5 Lessons I Learned from My Daughters This Mother’s Day

5 Lessons I Learned from My Daughters This Mother’s Day May 11, 2019

As my two daughters grow into adulthood this Mother’s Day, it seems like a good time to reflect upon the lessons that they’ve taught me. Being a mom for me has always been an honor, a gift – something to feel proud of! However, no one prepared me for how much my relationship with my daughters would be altered as they grew older. In a nutshell, misunderstandings that need to be resolved, lots of love and affection, and plenty of conflicts. There are many ways to describe this relationship and not a lot of experience to draw from since my own mother passed away about a decade ago.

Some mothers may get too involved in their daughter’s lives and have difficulty setting boundaries. An expert on parenting and gender issues, Dr. Peggy Drexler notes that many mothers want to feel connected to their daughters and, in many cases, their daughters’ friends. She writes, “At a time when there is so much societal pressure to stay young, this helps keep us feeling youthful. It also helps us feel appreciated long after our children stop “needing” us to survive. Dr. Drexler makes the point that many mothers seek validation through their daughters.

In my opinion, this need could be exaggerated after divorce when the mother’s coping skills might be strained. In fact, the mother-daughter best friend idea doesn’t leave room for the more traditional role of mom and could even lead to a competitive edge between them.

Like many moms, Sarah is a woman who seeks a friendship with her seventeen year-old daughter, Becca, and this intensified after her divorce four years ago. During a recent conversation, for instance, Becca talked about needing space from Sarah: “I love my mom but sometimes things get a little intense between us.”

Likewise, Sarah described shopping trips with Becca and having difficulty setting limits on the spending. While they both enjoy many aspects of these outings, Becca admits that her mom may be living vicariously through her. Becca says, “My mom likes to go shopping with me and I don’t have the heart to tell her it’s not OK , all of the time.”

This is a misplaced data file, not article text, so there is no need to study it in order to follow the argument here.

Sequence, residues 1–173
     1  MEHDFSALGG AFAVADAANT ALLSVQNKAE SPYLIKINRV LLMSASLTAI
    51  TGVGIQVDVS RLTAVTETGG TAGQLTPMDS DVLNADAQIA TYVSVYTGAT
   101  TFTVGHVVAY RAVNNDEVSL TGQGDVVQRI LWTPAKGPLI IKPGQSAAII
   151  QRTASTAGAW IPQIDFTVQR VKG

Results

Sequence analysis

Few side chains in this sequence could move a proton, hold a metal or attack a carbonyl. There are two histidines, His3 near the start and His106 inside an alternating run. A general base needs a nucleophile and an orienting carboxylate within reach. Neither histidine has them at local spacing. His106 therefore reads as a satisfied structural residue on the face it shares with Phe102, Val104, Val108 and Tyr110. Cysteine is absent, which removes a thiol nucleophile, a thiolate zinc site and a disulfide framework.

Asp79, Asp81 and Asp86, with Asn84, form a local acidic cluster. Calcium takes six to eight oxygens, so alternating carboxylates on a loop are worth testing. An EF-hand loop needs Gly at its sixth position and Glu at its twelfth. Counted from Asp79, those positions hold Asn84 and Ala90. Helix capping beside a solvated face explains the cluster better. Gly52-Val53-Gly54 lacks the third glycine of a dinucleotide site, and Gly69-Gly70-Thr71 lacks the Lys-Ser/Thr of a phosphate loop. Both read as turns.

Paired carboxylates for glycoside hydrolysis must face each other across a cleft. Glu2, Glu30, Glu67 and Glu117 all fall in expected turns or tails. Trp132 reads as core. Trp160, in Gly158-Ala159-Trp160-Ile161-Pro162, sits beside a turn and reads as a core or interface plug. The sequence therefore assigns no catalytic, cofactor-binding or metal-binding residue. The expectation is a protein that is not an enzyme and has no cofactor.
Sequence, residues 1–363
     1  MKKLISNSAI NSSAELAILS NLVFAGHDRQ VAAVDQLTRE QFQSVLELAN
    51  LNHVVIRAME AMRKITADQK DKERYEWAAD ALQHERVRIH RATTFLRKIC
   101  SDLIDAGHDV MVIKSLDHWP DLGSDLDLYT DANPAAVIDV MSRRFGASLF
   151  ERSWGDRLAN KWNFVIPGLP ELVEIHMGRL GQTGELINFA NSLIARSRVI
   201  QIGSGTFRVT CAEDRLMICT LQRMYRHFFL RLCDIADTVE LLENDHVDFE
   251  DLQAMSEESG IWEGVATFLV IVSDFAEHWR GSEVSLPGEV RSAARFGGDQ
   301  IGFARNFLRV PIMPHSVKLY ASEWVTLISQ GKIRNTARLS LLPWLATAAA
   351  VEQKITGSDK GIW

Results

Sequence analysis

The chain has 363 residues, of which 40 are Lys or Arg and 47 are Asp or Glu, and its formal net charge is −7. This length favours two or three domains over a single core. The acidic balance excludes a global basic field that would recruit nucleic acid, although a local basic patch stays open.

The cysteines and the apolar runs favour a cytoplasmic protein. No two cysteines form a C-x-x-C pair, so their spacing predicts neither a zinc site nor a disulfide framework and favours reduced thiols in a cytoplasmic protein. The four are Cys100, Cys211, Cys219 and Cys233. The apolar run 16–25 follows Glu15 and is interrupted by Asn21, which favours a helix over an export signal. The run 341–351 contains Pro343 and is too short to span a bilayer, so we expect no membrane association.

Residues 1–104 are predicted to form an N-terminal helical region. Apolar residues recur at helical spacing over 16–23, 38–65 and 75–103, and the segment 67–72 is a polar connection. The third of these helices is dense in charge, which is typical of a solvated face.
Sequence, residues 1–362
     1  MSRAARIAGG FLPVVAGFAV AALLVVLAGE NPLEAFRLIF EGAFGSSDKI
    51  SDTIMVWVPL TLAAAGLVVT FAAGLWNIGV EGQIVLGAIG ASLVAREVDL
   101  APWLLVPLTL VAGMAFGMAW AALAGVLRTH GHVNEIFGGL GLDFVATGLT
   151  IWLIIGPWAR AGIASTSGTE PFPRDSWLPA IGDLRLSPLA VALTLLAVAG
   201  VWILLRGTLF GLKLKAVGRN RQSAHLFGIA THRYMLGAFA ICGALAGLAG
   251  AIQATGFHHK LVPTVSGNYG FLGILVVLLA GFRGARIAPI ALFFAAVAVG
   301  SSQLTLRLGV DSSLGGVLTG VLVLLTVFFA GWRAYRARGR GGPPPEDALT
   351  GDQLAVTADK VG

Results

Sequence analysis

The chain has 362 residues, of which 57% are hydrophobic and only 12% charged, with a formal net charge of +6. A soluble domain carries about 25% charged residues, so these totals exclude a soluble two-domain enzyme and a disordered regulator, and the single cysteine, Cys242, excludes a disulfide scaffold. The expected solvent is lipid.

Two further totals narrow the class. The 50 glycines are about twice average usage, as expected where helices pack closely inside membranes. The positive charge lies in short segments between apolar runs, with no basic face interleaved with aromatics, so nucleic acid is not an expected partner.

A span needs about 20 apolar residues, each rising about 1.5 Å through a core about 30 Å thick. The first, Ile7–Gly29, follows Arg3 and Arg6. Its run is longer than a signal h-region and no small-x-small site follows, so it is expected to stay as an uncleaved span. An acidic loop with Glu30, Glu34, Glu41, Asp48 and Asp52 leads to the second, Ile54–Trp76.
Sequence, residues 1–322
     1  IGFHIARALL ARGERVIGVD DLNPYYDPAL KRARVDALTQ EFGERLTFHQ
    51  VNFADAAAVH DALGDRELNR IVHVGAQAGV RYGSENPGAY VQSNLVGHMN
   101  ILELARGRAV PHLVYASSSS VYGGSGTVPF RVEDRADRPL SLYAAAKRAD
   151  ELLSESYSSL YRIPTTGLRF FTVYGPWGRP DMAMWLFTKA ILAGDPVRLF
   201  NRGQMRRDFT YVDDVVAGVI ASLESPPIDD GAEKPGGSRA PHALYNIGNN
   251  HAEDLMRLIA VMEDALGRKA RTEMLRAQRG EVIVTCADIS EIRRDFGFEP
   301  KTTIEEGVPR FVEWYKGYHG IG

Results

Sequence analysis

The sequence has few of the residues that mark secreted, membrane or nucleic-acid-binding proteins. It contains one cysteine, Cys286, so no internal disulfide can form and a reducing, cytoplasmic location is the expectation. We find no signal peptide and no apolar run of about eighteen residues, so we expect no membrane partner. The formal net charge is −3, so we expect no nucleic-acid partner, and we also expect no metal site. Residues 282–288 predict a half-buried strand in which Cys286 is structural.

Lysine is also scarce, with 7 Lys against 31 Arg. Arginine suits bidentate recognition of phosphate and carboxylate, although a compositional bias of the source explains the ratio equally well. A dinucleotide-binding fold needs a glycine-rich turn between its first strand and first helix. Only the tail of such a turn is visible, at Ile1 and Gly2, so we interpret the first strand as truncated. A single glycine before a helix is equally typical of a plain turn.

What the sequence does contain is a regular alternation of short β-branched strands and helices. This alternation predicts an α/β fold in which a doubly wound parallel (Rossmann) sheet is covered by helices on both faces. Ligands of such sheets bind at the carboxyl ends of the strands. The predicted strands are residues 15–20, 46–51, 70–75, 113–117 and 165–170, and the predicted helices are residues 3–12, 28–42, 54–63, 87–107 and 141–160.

Boundaries are an important part of any relationship, but they are especially critical for mothers and daughters as they mature. As mothers, we want our daughters to grow up to be independent and self-confident. But when we are overly involved and encourage them to tell us all of their deep, dark secrets, this may make it problematic for them to break away and to establish their autonomy – a crucial developmental task of adolescent identity formation.

Another important aspect of raising a daughter is to transmit a message of optimism about relationships. Be careful not to bad-mouth her other parent or to make disparaging comments about love or marriage. Hopefully, the legacy you’ll pass on to your daughter will be one of resiliency and hope.

5 lessons I learned from my daughters:

  •  Let her go and try not to lean on her too much. Give her space to grow and to develop her own identity – this will strengthen your bond. Keeping your expectations realistic will improve your relationship with your daughter. She can’t make up for what you didn’t get from other people or family members.
    • Be her mother and mentor but realize this isn’t the same as being a friend. Don’t confide in her (when it comes to personal information that doesn’t involve her). You can enjoy each other’s company and be connected, yet be autonomous individuals.
    • Honor your daughter’s boundaries. Try not to take it personally if she doesn’t want to invite you to join her and/or her friends for social activities. While it may be hard to let go, you can delight in watching her grow into a self-confident person.
    • Be a strong and supportive role model. But in order to help her find her way, she’ll need to question your decisions and personality at times. Lead by example.
    • Send out a message of hope about relationships. Be careful not to pass on a pessimistic view of love or mistrust of partners. Encouraging her to spend close to equal time with you and her other parent, whether you are married or divorced, will help to restore her faith in love!

In closing, on Mother’s Day and every day, mothers need to realize the value they can add to their daughter’s life by being constant, supportive, and having the skills to set good boundaries. For instance, is a good idea to be loving and friendly with your daughter but be sure to encourage her to spend time with friends and other family members. Further, pursuing your own interests and not relying too much on your daughter for emotional and physical support will allow her to be independent and have high self-esteem throughout her life.

Twitter, Facebookand, movingpastdivorce.com. Terry’s award winning book Daughters of Divorce: Overcome the Legacy of Your Parents’ Breakup and Enjoy a Happy, Long-Lasting Relationship is available on her website.

I’d love to hear from you and answer your questions about relationships, divorce, marriage, and remarriage. Please ask a question here. Thanks! Terry

 

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